Figure. Body mass index (BMI) and plasma levels of soluble CD40 ligand (sCD40L), plasminogen activator inhibitor 1 (PAI-1), antithrombin III (ATIII), fibrinogen, and C-reactive protein (CRP) in obese patients before gastric bypass (black bars) and the same patients 12 months after surgery (white bars). Values are expressed as means and standard errors of the mean for different BMI ranges; dotted lines indicate mean values in the control (normal-weight) group. Statistical significance was determined with 2-way analysis of variance for the interaction between BMI and surgery (“Total” in the tables); individual comparisons were made with the Bonferroni multiple-comparison test. * P < .05; † P < .01; and ‡ P < .001.
Baena-Fustegueras JA, Pardina E, Balada E, Ferrer R, Catalán R, Rivero J, Casals I, Lecube A, Fort JM, Vargas V, Peinado-Onsurbe J. Soluble CD40 Ligand in Morbidly Obese PatientsEffect of Body Mass Index on Recovery to Normal Levels After Gastric Bypass Surgery. JAMA Surg. 2013;148(2):151-156. doi:10.1001/jamasurgery.2013.419
Author Affiliations: Surgery Unit, Hospital Universitari Arnau de Vilanova, Lleida, Spain (Dr Baena-Fustegueras); Systemic Autoimmune Diseases Unit (Dr Balada), Biochemistry Department (Ms Ferrer and Dr Catalán), CIBER de Diabetes y Enfermedades Metabólicas Asociadas (CIBERDEM), Instituto de Salud Carlos III, Diabetes Research Unit (Dr Lecube), Endocrinology Surgery Unit (Dr Fort), and CIBER de Enfermedades Hepáticas y Digestivas (CIBEREHD), Instituto de Salud Carlos III (Dr Vargas), Institut de Recerca Vall D’Hebron, Universitat Autònoma De Barcelona; Hospital Universitari Mútua Terrassa, Barcelona (Dr Rivero); Biochemistry and Molecular Biology Department, Biology Faculty (Drs Pardina and Peinado-Onsurbe) and Centres Científics i Tecnològics, Unitat de Tècniques Separatives, Universitat de Barcelona, Barcelona (Dr Casals), Spain.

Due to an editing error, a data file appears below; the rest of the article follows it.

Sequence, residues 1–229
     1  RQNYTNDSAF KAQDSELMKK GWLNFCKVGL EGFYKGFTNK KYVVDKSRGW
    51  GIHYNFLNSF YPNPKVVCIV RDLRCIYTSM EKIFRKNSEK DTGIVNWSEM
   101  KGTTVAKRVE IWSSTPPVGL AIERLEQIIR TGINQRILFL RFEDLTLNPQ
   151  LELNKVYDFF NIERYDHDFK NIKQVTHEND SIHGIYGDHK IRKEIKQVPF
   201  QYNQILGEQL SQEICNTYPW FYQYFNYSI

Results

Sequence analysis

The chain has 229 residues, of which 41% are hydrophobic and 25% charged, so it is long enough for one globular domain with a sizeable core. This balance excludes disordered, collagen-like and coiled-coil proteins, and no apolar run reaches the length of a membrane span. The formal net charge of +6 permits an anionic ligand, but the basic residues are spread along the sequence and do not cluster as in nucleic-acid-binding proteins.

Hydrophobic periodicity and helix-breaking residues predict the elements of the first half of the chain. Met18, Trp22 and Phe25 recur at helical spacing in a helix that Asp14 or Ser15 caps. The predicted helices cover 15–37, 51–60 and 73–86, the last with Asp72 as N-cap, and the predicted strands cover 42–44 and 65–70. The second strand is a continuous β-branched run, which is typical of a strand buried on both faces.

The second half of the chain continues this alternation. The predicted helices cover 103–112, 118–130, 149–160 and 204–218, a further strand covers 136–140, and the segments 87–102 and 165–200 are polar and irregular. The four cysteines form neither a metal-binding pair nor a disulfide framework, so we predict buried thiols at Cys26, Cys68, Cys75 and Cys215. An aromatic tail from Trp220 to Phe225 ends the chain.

Importance In recent years, the CD40/CD40L system has been implicated in the pathophysiology of severe chronic inflammatory diseases. Recently, obesity has been described as a low chronic inflammatory disease, so this system could also be involved in the inflammatory process.
Objective To study soluble CD40 ligand (sCD40L) and other factors implicated in coagulation (plasminogen activator inhibitor 1, antithrombin III, and fibrinogen) and inflammation (C-reactive protein) in patients with morbid obesity and different body mass indexes (BMIs) (calculated as weight in kilograms divided by height in meters squared), before and after weight loss induced by bariatric surgery.
Design Plasma samples were obtained before and after a bariatric surgery intervention. Several inflammatory markers were then studied (sCD40L, plasminogen activator inhibitor 1, antithrombin III, and C-reactive protein). The values obtained were compared with a control group of nonobese persons.
Participants Thirty-four morbidly obese patients undergoing gastric bypass surgery and 22 normal-weight controls matched for age and sex.
Interventions A Roux-en-Y gastric bypass was performed in morbidly obese patients.
Main Outcome Measures Levels of sCD40L, plasminogen activator inhibitor 1, antithrombin III, fibrinogen, and C-reactive protein 12 months after bariatric surgery.
Results Obese men showed a tendency for decreased plasma sCD40L levels 1 year after surgery (mean [SEM], 246.5 [70.4] pg/mL before vs 82.2 [23.2] pg/mL after surgery; P < .05), whereas there were not any significant changes in obese women (285.9 [67.5] pg/mL before vs 287.0 [56.9] pg/mL after surgery). Levels of the other markers studied decreased significantly with weight loss in both sexes. However, all other studied markers tend to have higher concentrations in patients with higher BMIs, except for sCD40L, which tended to have lower concentrations in patients with BMIs higher than 55. The decreases with weight loss were lower with higher BMIs for all measurements, except for antithrombin III.
Conclusions and Relevance Increased BMI, but not sex, influences recovery to normal levels for the markers studied, possibly indicating a worse prognosis.